Lace up your motivation at our writer’s block boot camp
“Writer’s block is a myth!” . . . said no writer ever.
Sometimes, for no reason at all, your creativity just goes on strike. Trying to write feels like squeezing your brain out through your eyeballs, or attempting to make a cat take a bath – it just isn’t happening.
If you’re on a deadline or have specific writing goals, running out of inspiration and/or motivation is akin to torture. I’m sad to inform you that writer’s block is inevitable & stubborn and could strike at any moment.
Luckily for us all, there are ways to beat it.
The key to defeating writer’s block is to figure out how it wormed its way in. It’s easy to dismiss writer’s block as an occupational hazard, but if you can identify what triggered it, you can fight it off – and maybe even avoid it in the future.
Common causes of writer’s block
Many writers struggle to get words onto the page because they’re worried about the quality of their work. It’s an easy trap to fall into – everyone wants to be proud of their work – but that’s why we edit, get feedback, and redraft. You’re never going to get perfection from the get-go.
If this is you, try to rewire your brain. Every time you think “This is terrible! I should just give up and become a [insert nightmare job]”, remind yourself that not completing your project – or, sin of sins, throwing it in the trash – is the only way to guarantee it gets worse, not better.
If your writing’s been going really well and you’re steaming along like a champ, hitting a sudden roadblock can be a real slap in the face. Could it be that you’re creatively worn out? As a society, we are getting better at looking after our bodies, but our minds often remain a little neglected. Simple things like getting enough sleep and having regular breaks away from writing are essential.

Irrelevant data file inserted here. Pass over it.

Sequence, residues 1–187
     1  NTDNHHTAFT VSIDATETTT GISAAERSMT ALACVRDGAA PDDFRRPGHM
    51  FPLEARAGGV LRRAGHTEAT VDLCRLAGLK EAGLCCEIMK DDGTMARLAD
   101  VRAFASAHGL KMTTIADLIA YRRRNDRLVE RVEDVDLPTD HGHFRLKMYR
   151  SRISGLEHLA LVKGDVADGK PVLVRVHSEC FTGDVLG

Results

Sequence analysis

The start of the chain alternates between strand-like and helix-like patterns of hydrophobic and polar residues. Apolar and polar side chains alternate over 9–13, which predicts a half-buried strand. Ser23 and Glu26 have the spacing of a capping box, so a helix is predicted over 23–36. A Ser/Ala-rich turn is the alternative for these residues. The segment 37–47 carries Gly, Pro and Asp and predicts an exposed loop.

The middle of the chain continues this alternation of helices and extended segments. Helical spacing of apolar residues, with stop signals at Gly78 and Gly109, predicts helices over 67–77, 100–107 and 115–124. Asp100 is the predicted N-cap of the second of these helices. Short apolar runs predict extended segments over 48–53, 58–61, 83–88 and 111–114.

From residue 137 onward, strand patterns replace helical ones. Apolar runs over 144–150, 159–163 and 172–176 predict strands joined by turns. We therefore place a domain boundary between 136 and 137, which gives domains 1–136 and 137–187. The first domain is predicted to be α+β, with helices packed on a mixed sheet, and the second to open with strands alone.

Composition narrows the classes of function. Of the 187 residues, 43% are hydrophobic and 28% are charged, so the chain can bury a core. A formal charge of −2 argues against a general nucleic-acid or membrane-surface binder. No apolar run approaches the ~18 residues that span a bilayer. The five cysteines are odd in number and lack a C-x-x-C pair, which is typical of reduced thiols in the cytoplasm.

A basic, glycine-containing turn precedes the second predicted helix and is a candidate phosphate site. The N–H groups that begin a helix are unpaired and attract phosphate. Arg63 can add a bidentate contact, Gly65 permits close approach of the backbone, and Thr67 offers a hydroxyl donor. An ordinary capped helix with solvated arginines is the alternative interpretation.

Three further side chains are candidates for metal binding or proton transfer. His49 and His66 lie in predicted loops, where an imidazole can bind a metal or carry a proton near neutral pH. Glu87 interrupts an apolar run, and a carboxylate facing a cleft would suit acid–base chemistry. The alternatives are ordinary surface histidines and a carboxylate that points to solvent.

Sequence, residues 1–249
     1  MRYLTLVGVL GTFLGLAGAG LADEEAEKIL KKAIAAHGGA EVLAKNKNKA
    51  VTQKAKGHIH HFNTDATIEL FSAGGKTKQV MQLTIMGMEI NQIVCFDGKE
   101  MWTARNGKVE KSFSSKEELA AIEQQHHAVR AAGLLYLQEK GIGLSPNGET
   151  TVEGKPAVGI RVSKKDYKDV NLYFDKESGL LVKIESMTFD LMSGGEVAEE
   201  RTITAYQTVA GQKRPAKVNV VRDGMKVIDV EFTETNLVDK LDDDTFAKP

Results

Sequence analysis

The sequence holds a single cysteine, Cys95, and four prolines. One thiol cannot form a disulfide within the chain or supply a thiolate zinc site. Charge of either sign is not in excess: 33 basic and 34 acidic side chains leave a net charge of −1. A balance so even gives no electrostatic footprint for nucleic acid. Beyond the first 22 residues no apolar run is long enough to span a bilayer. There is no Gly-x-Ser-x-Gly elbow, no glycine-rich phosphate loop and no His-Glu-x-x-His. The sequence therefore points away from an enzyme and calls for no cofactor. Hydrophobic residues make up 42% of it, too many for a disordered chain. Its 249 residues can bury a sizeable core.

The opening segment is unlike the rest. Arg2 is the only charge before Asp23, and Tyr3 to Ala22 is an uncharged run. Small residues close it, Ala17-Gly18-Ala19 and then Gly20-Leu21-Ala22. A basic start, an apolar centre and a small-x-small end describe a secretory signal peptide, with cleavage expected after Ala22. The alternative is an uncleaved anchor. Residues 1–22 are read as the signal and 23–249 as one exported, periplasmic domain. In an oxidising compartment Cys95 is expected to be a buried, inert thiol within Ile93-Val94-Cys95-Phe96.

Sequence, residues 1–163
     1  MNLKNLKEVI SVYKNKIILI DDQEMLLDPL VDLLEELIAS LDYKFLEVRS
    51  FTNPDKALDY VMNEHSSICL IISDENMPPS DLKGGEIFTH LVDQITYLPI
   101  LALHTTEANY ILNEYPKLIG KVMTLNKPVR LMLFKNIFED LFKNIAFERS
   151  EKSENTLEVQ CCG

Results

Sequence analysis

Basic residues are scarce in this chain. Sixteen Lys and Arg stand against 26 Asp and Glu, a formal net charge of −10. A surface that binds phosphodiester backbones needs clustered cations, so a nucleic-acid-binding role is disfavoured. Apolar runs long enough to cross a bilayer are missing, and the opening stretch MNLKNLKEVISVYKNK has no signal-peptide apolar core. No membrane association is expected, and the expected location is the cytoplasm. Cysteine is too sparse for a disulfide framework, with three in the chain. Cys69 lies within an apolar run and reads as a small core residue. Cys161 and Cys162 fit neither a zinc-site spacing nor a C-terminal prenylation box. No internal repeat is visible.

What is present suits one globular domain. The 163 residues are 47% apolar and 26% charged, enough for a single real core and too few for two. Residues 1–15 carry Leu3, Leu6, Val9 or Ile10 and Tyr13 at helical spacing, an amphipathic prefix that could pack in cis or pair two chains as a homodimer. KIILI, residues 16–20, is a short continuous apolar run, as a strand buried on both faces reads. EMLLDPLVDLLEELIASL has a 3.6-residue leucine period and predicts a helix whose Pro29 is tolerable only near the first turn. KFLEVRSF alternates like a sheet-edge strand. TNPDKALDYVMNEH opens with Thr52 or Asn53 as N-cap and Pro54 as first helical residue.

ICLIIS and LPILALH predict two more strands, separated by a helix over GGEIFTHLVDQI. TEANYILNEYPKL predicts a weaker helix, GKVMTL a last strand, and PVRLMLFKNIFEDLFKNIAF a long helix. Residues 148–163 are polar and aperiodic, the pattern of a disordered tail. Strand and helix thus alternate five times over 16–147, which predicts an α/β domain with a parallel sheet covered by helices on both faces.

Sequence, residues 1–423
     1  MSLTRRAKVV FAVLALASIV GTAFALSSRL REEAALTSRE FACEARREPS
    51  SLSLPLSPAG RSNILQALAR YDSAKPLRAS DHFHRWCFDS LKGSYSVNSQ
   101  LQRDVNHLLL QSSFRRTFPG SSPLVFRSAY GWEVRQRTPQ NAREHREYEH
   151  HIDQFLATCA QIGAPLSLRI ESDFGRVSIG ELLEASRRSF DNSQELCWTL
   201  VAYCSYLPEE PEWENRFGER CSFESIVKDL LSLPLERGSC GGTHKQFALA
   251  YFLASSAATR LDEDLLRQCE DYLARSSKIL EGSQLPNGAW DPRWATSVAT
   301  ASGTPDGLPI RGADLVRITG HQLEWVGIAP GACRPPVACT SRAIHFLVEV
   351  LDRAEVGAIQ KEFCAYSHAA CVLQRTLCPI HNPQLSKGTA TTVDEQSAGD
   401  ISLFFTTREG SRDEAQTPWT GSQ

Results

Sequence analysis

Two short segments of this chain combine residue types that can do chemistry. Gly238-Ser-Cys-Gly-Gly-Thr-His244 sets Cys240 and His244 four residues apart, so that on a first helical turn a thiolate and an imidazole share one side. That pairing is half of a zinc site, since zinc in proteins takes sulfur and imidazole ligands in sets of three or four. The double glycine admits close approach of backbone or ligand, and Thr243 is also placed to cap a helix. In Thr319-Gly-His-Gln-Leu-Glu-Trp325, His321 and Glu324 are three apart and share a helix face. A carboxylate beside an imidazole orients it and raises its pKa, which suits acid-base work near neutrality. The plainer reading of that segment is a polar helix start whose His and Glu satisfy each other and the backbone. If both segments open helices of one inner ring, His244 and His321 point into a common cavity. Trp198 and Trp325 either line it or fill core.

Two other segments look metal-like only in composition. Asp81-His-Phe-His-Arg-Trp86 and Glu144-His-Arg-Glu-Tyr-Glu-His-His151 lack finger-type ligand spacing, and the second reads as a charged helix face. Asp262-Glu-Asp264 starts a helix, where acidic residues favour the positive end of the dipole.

How are you supposed to discover new ideas and find inspiration if all you do is stare at a screen? Your job as a writer is to produce pages, but it’s also to get outside and experience life: you know, that thing we’re all actually writing about. However, be wary of blaming writer’s fatigue when the reality is . . .
Do you blame your lack of writing progress on your environment or things out of your control – for example, a tidy desk or clean home? Maybe it needs to be a certain time of day, or you have to watch something “inspiring” on Netflix first?
While it’s good to have a routine and favorite space in which to work, if your requirements are stopping you from actually getting things done, you need to ask yourself if these prerequisites are actually just excuses. Decide what your priorities are (hopefully writing) and complete them before you do anything else.
People often procrastinate and experience writer’s block because they’re afraid. This type of writer’s block can hard to beat because, as a writer, you’re putting your inner voice and thoughts onto a page for everyone to see. You may have been mulling over the idea for months, even years. Once it’s on paper or online, that idea is open to critique and interpretation. What if no one likes it and you’ve just wasted your time?
There’s no quick fix for such fear – but reading about writers you admire might help. They will have all felt this same fear and overcome it. You can bet there will be plenty of their inspirational quotes available online, probably photoshopped onto pictures of stock saturated sunsets and epic panoramas.
Sometimes writer’s block is the sign of a problem in your narrative. (Perfectionists, do not panic!) If you’re stuck on a particular scene and don’t know how to advance past that point, maybe it’s because a character’s motivation isn’t clear, or there’s a plot hole that might destroy the reader’s/viewer’s suspension of disbelief. Or, maybe you know how to advance the plot – but are too bored to do so. If you’ve already ruled out fatigue as a suspect, is the problem scene unnecessary or just plain dull?
You have two options for solving this problem: put in a placeholder and come back to the scene later – you may even realize you never even needed it – or take a break from your writing by engaging in a completely different activity.
Painting, baking, gardening, exercise – choose something that will leave you with a sense of achievement. Sometimes, just thinking over a story problem in bed before sleep can magically provide you with an answer come morning. If you keep struggling with writer’s block and are feeling more stressed as a result, it may be beneficial to reach out to a licensed therapist at BetterHelp.
However you choose to deal with it, don’t let writer’s block stop you reaching your goals. The mark of a true professional is to keep on writing after inspiration & motivation abandon you. Even Stephen King, author of over 90 books, has experienced writer’s block. Maybe it’s actually a sign of greatness! Let’s keep telling ourselves that.